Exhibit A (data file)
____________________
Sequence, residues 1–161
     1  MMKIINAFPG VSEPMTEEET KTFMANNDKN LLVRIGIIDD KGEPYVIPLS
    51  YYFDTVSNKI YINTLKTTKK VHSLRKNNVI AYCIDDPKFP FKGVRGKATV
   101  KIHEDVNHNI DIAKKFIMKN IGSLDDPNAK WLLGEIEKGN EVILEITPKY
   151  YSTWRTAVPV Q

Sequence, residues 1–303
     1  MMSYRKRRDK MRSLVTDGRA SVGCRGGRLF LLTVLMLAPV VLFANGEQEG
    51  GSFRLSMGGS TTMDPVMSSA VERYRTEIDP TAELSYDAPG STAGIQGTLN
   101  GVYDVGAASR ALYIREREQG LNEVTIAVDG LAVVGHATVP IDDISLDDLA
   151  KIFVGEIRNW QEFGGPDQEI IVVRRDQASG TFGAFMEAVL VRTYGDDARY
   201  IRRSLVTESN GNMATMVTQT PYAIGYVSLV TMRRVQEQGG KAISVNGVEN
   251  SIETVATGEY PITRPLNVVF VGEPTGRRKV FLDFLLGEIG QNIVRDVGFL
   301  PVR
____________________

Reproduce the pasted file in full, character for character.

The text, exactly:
Sequence, residues 1–161
     1  MMKIINAFPG VSEPMTEEET KTFMANNDKN LLVRIGIIDD KGEPYVIPLS
    51  YYFDTVSNKI YINTLKTTKK VHSLRKNNVI AYCIDDPKFP FKGVRGKATV
   101  KIHEDVNHNI DIAKKFIMKN IGSLDDPNAK WLLGEIEKGN EVILEITPKY
   151  YSTWRTAVPV Q

Sequence, residues 1–303
     1  MMSYRKRRDK MRSLVTDGRA SVGCRGGRLF LLTVLMLAPV VLFANGEQEG
    51  GSFRLSMGGS TTMDPVMSSA VERYRTEIDP TAELSYDAPG STAGIQGTLN
   101  GVYDVGAASR ALYIREREQG LNEVTIAVDG LAVVGHATVP IDDISLDDLA
   151  KIFVGEIRNW QEFGGPDQEI IVVRRDQASG TFGAFMEAVL VRTYGDDARY
   201  IRRSLVTESN GNMATMVTQT PYAIGYVSLV TMRRVQEQGG KAISVNGVEN
   251  SIETVATGEY PITRPLNVVF VGEPTGRRKV FLDFLLGEIG QNIVRDVGFL
   301  PVR